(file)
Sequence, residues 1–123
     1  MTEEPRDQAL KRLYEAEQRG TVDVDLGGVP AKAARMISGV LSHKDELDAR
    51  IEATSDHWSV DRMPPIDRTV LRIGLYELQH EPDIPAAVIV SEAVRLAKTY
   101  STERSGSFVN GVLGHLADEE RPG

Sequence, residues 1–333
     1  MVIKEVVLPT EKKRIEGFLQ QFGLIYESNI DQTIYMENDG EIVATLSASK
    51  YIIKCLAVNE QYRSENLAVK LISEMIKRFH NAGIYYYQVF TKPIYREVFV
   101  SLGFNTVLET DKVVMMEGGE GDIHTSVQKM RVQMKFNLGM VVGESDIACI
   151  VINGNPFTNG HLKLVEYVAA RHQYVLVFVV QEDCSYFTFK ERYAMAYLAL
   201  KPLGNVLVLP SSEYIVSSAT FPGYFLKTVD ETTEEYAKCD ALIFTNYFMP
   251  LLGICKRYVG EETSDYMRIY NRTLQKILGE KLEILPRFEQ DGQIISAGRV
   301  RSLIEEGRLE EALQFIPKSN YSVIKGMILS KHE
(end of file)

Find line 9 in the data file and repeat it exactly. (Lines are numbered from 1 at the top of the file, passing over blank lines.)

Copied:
   151  VINGNPFTNG HLKLVEYVAA RHQYVLVFVV QEDCSYFTFK ERYAMAYLAL